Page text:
The main suspect of the human trafficking ring through which Sri Lankan women were illegally sent to Middle East countries such as Oman and the United Arab Emirates (UAE), who was arrested earlier today, has been placed behind bars on remand.
Accordingly, the suspect will be in remand custody until November 24.
The 44-year-old was detained at the Bandaranaike International Airport (BIA) in Katunayake this morning while returning to Sri Lanka.
He was later produced before the Negombo Magistrate’s Court.
The Criminal Investigation Department recently dug up more information about the large-scale human trafficking syndicate which auctions off Sri Lankan women who were taken to Oman on the promise of jobs in the Arabian country.
The Foreign Affairs Ministry in Sri Lanka had directed to the CID the complaints it had received about the unfortunate situation of Sri Lankan female domestic workers stranded in Oman.
Initiating a probe in this regard, a three-member team of the CID, led by the director of Human Trafficking, Smuggling Investigation and Maritime Crime Investigation Division, flew out to Oman on October 03.
The investigation officers, after recording statements from a total of 45 Sri Lankan women who are sheltered at a safe house belonging to the Sri Lankan Embassy in Muscat, uncovered that they had arrived in Oman on tourist visas. They also found that these women had fled houses they were employed at for various reasons including the harassment.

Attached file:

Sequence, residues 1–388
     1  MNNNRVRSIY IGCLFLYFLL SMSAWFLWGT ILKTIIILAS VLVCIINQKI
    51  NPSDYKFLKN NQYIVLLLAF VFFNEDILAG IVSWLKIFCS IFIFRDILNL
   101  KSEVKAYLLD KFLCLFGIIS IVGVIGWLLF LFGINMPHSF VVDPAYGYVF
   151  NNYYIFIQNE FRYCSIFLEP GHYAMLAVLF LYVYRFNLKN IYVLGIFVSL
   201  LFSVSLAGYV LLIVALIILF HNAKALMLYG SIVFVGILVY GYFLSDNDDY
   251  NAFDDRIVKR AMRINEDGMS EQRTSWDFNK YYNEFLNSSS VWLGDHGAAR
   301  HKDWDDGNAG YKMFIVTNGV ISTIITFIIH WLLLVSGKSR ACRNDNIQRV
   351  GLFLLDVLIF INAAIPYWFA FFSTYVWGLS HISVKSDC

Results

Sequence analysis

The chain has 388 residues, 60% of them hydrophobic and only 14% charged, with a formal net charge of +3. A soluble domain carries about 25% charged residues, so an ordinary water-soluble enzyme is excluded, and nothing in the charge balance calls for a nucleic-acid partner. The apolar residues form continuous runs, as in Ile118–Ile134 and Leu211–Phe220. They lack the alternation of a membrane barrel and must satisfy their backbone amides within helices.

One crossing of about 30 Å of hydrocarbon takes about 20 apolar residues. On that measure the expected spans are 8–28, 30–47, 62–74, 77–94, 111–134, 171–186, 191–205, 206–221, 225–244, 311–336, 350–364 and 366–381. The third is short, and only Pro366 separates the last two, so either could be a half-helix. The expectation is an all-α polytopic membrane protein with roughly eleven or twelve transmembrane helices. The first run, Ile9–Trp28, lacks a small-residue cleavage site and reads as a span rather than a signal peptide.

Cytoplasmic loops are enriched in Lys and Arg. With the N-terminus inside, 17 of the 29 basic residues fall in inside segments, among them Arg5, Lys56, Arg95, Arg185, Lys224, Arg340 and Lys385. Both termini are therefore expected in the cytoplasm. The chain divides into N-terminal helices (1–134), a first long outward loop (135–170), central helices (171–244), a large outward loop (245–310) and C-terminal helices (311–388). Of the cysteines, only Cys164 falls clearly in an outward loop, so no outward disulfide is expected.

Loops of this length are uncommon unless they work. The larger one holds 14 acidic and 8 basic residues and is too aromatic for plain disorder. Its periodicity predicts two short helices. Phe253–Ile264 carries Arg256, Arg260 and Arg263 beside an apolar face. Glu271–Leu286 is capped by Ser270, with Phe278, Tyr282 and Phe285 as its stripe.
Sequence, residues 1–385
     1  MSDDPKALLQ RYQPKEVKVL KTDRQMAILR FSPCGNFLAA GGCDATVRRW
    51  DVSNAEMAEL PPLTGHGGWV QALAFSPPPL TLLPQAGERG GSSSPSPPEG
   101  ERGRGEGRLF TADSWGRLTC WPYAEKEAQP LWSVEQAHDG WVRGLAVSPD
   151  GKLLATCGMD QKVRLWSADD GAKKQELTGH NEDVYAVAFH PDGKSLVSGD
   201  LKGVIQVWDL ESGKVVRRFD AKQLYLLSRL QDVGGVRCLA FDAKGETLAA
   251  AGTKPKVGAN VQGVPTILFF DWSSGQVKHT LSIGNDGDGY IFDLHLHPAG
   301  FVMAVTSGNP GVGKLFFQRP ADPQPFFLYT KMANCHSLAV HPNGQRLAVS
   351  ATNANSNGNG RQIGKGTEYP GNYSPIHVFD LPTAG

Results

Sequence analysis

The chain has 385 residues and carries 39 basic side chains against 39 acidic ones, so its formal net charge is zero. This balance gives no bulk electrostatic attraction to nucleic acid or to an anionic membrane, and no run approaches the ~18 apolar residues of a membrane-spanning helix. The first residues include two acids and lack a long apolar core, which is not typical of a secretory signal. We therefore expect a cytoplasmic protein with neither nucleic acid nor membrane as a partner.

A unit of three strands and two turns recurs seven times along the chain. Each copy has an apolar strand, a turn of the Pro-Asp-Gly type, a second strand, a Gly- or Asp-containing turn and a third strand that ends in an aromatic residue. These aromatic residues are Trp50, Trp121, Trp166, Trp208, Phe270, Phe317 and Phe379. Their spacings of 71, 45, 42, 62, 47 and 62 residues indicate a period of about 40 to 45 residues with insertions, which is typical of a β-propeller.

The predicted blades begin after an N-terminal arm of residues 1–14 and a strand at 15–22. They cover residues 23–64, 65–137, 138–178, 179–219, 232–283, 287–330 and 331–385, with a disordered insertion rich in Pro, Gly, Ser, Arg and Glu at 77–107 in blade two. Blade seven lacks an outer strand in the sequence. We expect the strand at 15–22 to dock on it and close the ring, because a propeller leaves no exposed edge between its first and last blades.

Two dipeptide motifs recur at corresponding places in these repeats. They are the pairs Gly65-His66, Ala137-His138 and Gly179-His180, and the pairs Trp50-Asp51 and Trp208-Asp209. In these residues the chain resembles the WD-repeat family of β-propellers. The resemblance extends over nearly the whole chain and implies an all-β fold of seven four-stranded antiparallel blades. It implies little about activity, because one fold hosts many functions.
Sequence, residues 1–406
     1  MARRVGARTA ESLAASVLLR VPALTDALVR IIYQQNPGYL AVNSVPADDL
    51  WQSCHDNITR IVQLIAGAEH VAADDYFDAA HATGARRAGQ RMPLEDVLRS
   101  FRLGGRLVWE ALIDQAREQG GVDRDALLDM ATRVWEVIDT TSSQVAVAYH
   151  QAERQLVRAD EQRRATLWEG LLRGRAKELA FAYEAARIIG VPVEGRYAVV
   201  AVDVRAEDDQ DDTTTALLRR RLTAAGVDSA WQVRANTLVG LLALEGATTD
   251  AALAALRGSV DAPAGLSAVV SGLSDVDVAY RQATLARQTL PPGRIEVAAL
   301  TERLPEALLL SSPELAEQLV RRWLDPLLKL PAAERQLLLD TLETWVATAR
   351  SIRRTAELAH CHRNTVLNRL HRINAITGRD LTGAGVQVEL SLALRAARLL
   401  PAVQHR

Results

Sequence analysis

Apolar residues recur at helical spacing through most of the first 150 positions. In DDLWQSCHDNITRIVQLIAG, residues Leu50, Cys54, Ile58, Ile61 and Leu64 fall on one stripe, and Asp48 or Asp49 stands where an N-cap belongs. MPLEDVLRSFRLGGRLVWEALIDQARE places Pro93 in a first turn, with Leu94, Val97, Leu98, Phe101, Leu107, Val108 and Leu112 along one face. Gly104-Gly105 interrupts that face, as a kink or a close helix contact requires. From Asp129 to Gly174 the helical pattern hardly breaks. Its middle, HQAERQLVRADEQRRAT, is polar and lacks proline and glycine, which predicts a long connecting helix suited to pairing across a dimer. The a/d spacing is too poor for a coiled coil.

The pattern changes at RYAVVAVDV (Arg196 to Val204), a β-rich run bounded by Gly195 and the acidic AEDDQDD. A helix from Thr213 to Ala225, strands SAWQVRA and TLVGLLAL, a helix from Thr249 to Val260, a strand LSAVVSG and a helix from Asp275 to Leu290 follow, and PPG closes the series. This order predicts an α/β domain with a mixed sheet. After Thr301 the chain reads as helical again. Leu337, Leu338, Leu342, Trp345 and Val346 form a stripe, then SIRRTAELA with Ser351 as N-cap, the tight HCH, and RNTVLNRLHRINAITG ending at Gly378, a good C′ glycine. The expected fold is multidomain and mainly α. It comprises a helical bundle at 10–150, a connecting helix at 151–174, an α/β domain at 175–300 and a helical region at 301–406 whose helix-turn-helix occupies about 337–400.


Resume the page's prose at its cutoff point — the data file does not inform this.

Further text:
Further, it was revealed that the women in question are stranded in Oman as their employers have taken possession of their passports.
Reportedly, 08 of them had been brought to Oman unlawfully. Meanwhile, another woman had been auctioned off for prostitution by a female representative of an employment agency in Sri Lanka.
The investigators were told that Sri Lankan domestic workers, aged 22 - 50 years, had been auctioned off to sultans for bids ranging from Rs. 10 million to Rs. 2.5 million.
To make matters worse, an officer of the Sri Lankan Embassy has sexually harassed the women who are sheltered at the safe house.
Further probes into the matter disclosed that this sex trafficking ring had been operated by a group of officers of the Immigration & Emigration Department through the representatives of employment agencies stationed in Sri Lanka and Oman. Their target had been underprivileged local women facing financial difficulties.
Multiple attempts to arrest a woman known as Asha Dissanayake, who is directly involved in this set trafficking ring, had been to no avail and she remains in hiding.
According to a senior official of the Foreign Employment Bureau explained that out of these 45 women, 43 are stranded in Oman without necessary means to make the trip back home as they had arrived there on a tourist visa, intending to convert it to work visa.
Meanwhile, the services of the embassy official, who is accused of sexually harassing the stranded women, have been suspended.
The Sri Lankan Embassy in Muscat, in a statement, stated that at present, at least 90 Sri Lankan female domestic workers are stranded in Oman seeking repatriation assistance. They are unable to afford the repatriation-related expenses such as visa, overstay penalty, air ticket, agent fees, and the cost of recruitment demanded by their respective sponsors.
The embassy said it has also sought the assistance of the International Organization for Migration (IOM) to assist such victims.